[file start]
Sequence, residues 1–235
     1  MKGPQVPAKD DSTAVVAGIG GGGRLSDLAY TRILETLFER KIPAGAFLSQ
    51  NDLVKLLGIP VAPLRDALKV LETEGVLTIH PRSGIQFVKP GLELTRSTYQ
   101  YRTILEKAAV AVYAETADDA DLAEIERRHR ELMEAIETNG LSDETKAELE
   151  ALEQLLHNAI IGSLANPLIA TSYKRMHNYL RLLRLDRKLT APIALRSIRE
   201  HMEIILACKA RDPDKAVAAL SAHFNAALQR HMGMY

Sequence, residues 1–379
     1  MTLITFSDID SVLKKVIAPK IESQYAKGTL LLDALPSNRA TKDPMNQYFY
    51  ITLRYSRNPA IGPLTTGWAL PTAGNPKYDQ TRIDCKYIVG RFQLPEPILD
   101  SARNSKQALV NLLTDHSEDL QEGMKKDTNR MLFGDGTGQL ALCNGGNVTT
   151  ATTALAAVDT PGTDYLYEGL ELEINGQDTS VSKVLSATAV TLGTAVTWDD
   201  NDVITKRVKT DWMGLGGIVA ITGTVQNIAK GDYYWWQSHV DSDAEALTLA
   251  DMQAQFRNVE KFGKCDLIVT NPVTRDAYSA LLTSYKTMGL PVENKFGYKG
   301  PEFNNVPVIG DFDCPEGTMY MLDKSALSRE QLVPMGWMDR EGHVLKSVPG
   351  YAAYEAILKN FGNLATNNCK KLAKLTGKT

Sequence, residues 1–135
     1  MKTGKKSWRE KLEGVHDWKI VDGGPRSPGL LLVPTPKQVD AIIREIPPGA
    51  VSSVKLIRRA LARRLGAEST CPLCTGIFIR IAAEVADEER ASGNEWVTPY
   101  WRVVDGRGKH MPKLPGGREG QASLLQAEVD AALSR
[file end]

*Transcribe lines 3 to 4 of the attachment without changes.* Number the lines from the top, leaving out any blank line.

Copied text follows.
    51  NDLVKLLGIP VAPLRDALKV LETEGVLTIH PRSGIQFVKP GLELTRSTYQ
   101  YRTILEKAAV AVYAETADDA DLAEIERRHR ELMEAIETNG LSDETKAELE